In my personal and professional life, I find myself translating behaviors and communication patterns to people to be able to coexist with other people. The gap is due to lack of consideration of the other person’s perspective. To help those who find it difficult to interact with other people, I want to offer three principles I use to understand their perspective when connecting with other people. They are to be mindful of my audiences’ beliefs, environment and influences.
The first perspective to keep in mind when connecting with your audience is to be mindful of the beliefs of your audience. In my experience, belief has been the root of decision making, boundary setting and motivation. According to the Merriam-Webster dictionary, belief is a state or habit of mind in which trust or confidence is placed in some person or thing. Think of belief of as the internal GPS on what choices to make, processes to engage in and identify what does and doesn’t apply to them. An audience’s history, personal definitions and boundaries are shaped by their belief. Understanding these things assists in identifying things to say and things to stand clear of when you’re having a conversation.
Next up, is the environment of your audience. Have you ever heard the phrase “you are your environment”? Well, that applies here. People know how to function in their environment. An environment can range from a place to a profession. For example, Americans speak English and doctors are trained in medicine. You wouldn’t approach a lawyer asking for recommendations on surgeries. You apply communications talking points that are applicable to your audience. If you don’t know your audience’s environment is, you can do some research or ask your audience basic questions to inquire about what you know.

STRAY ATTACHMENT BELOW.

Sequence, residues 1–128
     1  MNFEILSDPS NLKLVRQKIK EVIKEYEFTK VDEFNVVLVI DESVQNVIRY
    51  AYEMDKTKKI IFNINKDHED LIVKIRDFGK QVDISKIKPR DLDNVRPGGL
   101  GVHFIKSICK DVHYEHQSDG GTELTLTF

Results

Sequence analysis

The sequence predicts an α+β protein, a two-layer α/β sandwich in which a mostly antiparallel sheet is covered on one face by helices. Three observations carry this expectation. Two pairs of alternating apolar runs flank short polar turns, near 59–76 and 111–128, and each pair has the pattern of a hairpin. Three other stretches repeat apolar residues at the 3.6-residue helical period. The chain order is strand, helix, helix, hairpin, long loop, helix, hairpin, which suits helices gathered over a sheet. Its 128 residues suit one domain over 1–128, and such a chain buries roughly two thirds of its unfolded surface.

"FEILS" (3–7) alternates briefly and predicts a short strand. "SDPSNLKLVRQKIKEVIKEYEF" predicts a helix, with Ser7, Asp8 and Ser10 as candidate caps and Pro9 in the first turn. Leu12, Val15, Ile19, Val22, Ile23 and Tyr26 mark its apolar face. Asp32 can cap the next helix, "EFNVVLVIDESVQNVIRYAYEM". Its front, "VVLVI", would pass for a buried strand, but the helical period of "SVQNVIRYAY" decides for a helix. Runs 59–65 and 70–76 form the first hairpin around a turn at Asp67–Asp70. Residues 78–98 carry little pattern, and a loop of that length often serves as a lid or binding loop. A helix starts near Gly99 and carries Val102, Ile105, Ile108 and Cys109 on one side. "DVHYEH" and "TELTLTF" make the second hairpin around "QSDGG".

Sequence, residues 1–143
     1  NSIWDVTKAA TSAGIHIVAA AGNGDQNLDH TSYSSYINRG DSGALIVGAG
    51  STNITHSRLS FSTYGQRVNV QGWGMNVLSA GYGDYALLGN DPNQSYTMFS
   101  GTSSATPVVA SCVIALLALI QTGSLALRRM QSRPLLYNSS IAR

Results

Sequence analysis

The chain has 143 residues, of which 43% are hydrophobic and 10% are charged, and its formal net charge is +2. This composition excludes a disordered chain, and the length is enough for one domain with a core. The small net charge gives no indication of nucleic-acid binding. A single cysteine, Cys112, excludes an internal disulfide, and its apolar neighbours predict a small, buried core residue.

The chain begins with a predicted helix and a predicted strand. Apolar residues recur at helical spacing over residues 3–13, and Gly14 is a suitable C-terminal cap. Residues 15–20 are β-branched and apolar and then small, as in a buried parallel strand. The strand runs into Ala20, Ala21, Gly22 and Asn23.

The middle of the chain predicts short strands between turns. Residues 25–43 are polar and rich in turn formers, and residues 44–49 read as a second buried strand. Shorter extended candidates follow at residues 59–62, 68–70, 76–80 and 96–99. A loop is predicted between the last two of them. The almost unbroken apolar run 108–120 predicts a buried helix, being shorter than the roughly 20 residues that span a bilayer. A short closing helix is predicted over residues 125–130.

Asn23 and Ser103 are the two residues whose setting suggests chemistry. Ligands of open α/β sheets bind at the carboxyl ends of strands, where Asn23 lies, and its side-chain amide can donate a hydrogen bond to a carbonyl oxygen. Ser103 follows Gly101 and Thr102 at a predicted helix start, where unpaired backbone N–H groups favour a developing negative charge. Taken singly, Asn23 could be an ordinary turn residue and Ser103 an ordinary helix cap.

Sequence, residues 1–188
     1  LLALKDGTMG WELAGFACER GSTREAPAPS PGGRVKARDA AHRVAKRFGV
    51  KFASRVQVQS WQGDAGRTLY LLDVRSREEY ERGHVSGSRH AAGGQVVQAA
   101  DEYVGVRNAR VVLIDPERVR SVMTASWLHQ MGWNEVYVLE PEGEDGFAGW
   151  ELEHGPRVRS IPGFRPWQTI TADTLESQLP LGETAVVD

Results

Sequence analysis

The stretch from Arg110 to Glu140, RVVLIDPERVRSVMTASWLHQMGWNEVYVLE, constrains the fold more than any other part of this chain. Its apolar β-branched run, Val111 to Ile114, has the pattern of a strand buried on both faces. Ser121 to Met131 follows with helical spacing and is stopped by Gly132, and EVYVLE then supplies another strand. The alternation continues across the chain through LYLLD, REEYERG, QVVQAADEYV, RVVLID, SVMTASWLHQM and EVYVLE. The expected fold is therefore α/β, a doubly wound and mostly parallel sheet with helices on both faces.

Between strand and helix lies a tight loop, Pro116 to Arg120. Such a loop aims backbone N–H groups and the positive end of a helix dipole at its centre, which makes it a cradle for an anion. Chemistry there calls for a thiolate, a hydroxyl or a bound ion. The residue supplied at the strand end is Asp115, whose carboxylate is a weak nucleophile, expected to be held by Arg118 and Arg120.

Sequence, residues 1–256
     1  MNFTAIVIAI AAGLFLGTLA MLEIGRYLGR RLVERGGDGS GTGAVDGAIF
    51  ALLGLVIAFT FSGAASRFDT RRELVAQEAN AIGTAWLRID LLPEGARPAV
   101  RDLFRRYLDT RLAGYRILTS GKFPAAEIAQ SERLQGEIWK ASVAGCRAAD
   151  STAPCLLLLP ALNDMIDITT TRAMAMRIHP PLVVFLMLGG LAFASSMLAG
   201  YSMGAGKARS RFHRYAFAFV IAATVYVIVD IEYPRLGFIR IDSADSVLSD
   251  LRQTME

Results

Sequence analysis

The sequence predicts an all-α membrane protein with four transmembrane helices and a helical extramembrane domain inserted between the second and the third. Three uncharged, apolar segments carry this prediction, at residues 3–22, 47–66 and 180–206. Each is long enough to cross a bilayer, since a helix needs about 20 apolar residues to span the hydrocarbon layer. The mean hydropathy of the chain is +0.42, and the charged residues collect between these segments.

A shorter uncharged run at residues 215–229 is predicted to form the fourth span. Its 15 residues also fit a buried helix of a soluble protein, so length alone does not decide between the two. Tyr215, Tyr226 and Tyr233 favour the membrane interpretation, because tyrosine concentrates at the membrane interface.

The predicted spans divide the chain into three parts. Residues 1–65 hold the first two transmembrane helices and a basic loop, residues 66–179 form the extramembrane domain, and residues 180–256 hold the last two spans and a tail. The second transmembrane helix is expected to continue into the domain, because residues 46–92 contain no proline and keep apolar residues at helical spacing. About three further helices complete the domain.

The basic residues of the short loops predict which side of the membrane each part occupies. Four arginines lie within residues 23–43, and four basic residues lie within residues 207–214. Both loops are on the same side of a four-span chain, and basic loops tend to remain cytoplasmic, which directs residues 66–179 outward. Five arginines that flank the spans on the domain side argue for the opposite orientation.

The last perspective I use to connect with people is to understand their influences. Policies, contract obligations/agreements and social media are all examples of influence. I generally go in with a general understanding of how heavy these circumstances impact the behaviors of my audience. For example, contract obligations restrain people from having conversations about topics that the contract specifically outlines not to have a conversation about. When I am aware of the contract obligations, I know to stand clear of having those conversations with my audience. I tread carefully.
To increase your chances of connecting with someone, remember to take a few minutes to understand their perspective when connecting with them. I’d love to hear how these perspectives work for you or if you have any suggestions on methods of approach.
Christina Glancy is a Pittsburgh Native who serves as our Community Outreach Specialist. She has built a unique perspective which blends project management, marketing, community involvement and data analysis. She has a successful track record of engaging diverse groups of stakeholders throughout the Transportation, Health Care and Cybersecurity Industries. She believes in changing the world one conversation at a time.